Most active consumers, let alone serious athletes, have used sports drinks and nutrition bars. Sales of these products have been steadily skyward, and this isn’t expected to change; change is coming, however, to what is (and isn’t) going into these products.
Market research firm Packaged Facts has reported a new era of sports nutrition is underway, marked by a shift away from sugar. In its recent report, “Functional Foods: Key Trends by Product Categories and Benefits," the firm noted 36 percent of U.S. adults consume sports drinks but are demanding less sugar and more natural formulations. Ditto for nutrition bars, including energy bars. While sales of these bars grew 8 percent last year to hit $2 billion total, consumers are asking for more savory ingredients to replace the sweet stuff.
According to the report, increasing consumer interest in natural foods and beverages—no pesticides and no artificial colors, flavors and additives—includes sports drinks. This growing chorus for healthier formulations has left a gap in the market. With market share up for grabs, small start-ups, new entrants and new acquirers are eager to fill the gap. Consequently, market leaders are scrambling to reformulate and reposition their sports drinks.
“The most widely used sports drink brand, Gatorade, has been reformulated over the past few years to keep pace with consumer demand for more natural ingredients that include removal of high fructose corn syrup, announced in 2010 and, most recently, the replacement of the emulsifier, BVO, brominated vegetable oil," explained Elaine Tecklenburg, food and beverage market analyst and author of the report for Packaged Facts. “While this behemoth sports drink brand, owned by PepsiCo, still contains artificial colors, several new, small market entrants boast that they contain all natural ingredients. Galazo brand sports beverages are promoted as non-GMO project verified and free of artificial colors, flavors, preservatives and gluten and are made with such natural ingredients as coconut water and evaporated cane juice."
The trends in sports drinks now include use of natural sweeteners such as cane sugar and agave, as well as calorie-free alternatives such as stevia, monk fruit and erythritol. However, use of sucralose and acesulfame potassium are also on the rise. Trendy sports drinks increasingly feature buzzwords like vegan, fair trade and sustainable. Packaged Facts said the focus on sugar content will dominate the market over at least the next year.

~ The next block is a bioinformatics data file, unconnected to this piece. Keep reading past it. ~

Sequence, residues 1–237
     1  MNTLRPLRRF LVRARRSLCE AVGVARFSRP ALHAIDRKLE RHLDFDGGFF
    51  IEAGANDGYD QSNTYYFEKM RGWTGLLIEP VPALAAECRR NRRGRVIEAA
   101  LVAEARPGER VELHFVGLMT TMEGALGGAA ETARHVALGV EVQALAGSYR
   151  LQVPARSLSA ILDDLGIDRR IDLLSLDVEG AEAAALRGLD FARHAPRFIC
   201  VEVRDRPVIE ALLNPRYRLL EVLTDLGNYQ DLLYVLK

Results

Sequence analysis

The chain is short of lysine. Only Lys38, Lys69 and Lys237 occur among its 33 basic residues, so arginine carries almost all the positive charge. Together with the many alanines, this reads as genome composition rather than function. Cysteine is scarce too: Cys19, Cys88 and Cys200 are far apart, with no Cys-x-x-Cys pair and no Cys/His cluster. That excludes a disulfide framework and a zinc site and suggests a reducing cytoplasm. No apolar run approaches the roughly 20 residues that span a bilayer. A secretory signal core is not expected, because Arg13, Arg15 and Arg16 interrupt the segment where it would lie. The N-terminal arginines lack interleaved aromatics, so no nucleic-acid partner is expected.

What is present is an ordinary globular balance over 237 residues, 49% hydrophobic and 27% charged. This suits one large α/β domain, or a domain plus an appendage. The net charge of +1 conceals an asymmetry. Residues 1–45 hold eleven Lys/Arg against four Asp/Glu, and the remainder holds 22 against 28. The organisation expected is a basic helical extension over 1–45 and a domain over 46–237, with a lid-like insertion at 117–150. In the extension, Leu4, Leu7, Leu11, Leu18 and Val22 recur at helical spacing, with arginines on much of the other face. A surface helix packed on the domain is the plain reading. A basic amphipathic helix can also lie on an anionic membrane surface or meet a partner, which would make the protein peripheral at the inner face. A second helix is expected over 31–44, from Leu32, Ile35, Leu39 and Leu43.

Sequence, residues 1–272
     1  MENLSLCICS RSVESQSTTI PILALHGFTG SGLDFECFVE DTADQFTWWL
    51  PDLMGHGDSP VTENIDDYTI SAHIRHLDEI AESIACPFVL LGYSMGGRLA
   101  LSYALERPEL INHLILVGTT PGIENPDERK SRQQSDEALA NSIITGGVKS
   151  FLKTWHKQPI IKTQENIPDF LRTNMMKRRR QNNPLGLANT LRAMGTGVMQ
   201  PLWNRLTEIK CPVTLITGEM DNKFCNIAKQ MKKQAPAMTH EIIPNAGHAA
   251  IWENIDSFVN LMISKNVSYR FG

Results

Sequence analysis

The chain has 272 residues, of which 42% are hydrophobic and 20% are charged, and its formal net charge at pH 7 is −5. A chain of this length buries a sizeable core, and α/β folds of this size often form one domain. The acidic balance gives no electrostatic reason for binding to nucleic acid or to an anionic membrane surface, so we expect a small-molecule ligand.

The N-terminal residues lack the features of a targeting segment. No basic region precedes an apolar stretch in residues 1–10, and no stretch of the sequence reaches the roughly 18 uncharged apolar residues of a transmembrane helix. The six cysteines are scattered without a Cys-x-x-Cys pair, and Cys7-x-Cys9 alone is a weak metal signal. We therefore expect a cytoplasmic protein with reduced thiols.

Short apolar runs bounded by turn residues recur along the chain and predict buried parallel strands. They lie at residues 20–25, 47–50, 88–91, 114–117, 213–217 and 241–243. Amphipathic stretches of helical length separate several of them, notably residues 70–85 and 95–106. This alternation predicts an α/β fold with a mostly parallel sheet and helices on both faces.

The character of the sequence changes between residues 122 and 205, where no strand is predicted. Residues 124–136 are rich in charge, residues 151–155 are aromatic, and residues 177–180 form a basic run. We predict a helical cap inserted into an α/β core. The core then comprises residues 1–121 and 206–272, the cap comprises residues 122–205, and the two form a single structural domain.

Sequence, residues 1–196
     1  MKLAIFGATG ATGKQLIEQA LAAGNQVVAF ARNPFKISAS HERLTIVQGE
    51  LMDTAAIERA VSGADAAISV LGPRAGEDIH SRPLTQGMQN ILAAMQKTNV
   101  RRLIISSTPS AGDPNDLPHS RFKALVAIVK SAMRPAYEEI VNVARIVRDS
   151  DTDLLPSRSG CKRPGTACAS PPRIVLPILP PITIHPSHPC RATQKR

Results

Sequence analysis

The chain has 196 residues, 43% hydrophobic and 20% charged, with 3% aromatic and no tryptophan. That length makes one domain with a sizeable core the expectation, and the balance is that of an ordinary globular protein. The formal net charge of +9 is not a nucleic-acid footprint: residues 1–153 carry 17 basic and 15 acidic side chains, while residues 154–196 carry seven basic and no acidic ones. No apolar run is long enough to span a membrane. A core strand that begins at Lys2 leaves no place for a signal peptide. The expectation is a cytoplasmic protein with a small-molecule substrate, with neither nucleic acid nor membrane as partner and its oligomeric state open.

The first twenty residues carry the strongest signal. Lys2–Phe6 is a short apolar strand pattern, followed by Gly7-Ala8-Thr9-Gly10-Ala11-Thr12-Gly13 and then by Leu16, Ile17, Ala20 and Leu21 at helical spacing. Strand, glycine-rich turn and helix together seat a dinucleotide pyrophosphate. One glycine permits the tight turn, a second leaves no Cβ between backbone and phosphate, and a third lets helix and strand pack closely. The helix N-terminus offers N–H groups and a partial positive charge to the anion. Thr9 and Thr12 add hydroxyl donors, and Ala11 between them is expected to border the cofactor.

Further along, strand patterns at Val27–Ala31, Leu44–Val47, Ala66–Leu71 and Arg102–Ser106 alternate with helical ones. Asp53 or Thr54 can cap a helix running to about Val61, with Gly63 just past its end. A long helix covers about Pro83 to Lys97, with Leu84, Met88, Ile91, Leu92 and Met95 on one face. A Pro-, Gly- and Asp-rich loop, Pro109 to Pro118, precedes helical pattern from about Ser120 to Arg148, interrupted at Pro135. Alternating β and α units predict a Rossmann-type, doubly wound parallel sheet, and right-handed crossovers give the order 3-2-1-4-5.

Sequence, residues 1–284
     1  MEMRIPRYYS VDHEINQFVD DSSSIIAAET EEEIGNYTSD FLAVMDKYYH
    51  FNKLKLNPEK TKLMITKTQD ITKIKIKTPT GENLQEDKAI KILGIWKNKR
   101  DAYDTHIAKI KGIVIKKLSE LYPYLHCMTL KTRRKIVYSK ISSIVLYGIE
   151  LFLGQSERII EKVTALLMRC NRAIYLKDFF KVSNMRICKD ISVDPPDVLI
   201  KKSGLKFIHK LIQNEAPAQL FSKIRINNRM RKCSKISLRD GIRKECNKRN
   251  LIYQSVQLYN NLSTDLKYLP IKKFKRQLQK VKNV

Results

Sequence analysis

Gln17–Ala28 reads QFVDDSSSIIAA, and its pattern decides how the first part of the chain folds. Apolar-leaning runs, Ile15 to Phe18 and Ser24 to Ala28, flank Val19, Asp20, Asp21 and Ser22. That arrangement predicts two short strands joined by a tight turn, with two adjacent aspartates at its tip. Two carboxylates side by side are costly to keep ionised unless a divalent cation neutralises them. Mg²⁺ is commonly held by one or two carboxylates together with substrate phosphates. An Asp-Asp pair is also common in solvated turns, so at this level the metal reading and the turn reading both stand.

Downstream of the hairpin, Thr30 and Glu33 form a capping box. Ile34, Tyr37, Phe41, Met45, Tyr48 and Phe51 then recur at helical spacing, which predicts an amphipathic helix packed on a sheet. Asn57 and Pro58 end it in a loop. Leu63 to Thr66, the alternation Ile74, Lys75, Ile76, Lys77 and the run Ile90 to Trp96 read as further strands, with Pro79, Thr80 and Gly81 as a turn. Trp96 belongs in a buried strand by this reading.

Discussing another drink trend, Tecklenburg noted both energy and sports drink marketers have been trying to capitalize on the success of energy beverages by combining the benefits of hydration with energy, primarily from caffeine. “Now these caffeine-containing sports drinks are blurring the line between sports and energy drinks, and facing increased scrutiny from health professionals and regulators concerned about the potential for misuse by adolescents that could result in severe health issues and even death," she said.
Sports drink marketers are now trying to distance their products from energy drinks, Tecklenburg noted. “In late 2014, a Senate Committee addressing health and safety concerns about energy drinks with the goal of improving transparency and ensuring that children and teens are adequately protected from deceptive and potentially harmful advertising practices recommended that all energy drink manufacturers should cease marketing caffeinated energy drinks as intended to be consumed for hydration or rehydration," she explained. “The committee also recommended that FDA should define both energy drinks and sports drinks, which would help sports drink manufacturers distance their products from energy drinks."
As far as energy bars, the firm noted the market for energy and recovery foods for athletes and other active consumers looks to be increasingly overtaken by savory flavors and ingredients, including sweet potatoes, seeds, meat and some fruits. Roasted Jalapeno, Honey Smoked BBQ and Pizza Marinara are more common flavors creating buzz in this market, as the meat trend grows in both mainstream and sports nutrition segments—protein is a huge driver amongst active consumers seeking post-exercise muscle recovery.
David Sprinkle, research director for Packaged Facts, highlighted the creation of these products with natural and organic, non-GMO, gluten-free whole foods including grass-fed, humanely treated animals while addressing sustainability concerns along with taste, performance and nutrition.
Visit the Packaged Facts site to learn more information about the report, “Functional Foods: Key Trends by Product Categories and Benefits."